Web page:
A chat with Karyn Hay about ‘With the Wind Behind Us’.
Talking to Wallace Chapman about Billy T in the RNZ Afternoons biography segment
Daily Mail talks to Edith Bowman about the Alzheimers Research UK project
Opinion: What everyone needs now is a good laugh
WW1 soldier’s story wins NZ Post Children’s Book Award
NZ Herald, Book Lover: Matt Elliott
Matt talks to Kathryn Ryan about ‘Nice Day for a War’
Former All Black captain, Anton Oliver, reviews ‘Dave Gallaher…’
Matt talks to broadcaster (and former All Black captain) Chris Laidlaw about Gallaher
Feature article on Gallaher and LetterkennyRFC, Irish Times Nov. 3, 2012
FROM MY COMEDY CLIPPINGS ARCHIVE:
Returning from Australia in 1994, I was in a show called Best of the Fest with Dean Butler and Andrew Clay. It was part of the Watershed Comedy Festival which grew to become the Auckland Comedy Festival. In the NZ Herald review by Harvey Clarke, he wrote that ‘Elliot[sic] and Clay, home after spending time in Australia, have progressed from their humble, amateurish beginnings on the Auckland stand-up circuit in the late 80s. They have blossomed into confident, fully-fledged comics’ and ‘we are witnessing New Zealand stand-up comedy’s coming-of-age.’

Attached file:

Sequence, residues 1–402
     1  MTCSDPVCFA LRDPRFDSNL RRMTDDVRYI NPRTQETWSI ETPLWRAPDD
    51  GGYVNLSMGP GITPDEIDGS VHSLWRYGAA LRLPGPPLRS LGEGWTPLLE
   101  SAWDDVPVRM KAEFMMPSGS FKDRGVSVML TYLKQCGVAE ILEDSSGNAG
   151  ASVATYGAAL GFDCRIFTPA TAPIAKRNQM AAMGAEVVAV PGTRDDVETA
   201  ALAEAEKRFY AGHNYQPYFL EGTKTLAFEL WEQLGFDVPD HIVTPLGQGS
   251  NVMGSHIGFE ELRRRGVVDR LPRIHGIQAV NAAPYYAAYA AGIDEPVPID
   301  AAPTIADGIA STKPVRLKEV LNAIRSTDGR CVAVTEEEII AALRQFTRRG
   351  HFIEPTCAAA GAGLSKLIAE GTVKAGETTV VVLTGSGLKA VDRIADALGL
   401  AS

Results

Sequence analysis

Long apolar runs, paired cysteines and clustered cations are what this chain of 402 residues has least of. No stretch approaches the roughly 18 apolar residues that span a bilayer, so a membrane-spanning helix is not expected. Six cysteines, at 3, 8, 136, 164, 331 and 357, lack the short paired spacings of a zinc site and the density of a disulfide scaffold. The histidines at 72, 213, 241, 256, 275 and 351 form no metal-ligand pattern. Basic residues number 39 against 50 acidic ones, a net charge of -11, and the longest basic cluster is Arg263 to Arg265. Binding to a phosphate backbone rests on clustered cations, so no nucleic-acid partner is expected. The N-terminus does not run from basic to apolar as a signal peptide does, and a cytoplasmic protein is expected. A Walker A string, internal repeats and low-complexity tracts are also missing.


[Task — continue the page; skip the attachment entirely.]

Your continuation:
There is a bit of a story to this next review. The evening ‘would have been a complete disaster if it hadn’t been for the reappearance of one of this country’s most experienced ‘stand-up’ comics…Hopefully these younger comics will learn from the slick professionalism and class of Matt Elliott and develop a Christchurch comedy scene.’ – Presto magazine, 1997.
The venue was called a short-lived but vibrant addition to the Christchurch arts scene, The Green Room, just off High Street in Lichfield Street. The ‘younger comics’ were an ensemble calling themselves Four Fingers Missing. I had given them some technical tips on setting out the room, such as lighting and seating, and did a bit of emceeing for them. Among their number were Chris Bryan (now using the stage-name Chris Brain), Grant Loban, Mark Hutchings and a guy specialising in physical comedy called Rhys Darby. There was, as they say, something about him back then and I can still remember Rhys’ reaction to the review and giving me a bit of stick. I wonder whatever happened to him…
From the 2006 Wellington Fringe Festival; ‘…veteran Matt Elliott. He’s a sublime storyteller of the ridiculous. Whether he’s dealing with the city council checking out a children’s tree house for resource consent (Where are the fire-extinguishers? The wheelchair access?), the threatening behaviour of charity collectors, or bus travelling as an Olympic sport, he and his audience feed off their mutual enjoyment of the material and each other.’ – Scoop, 2006.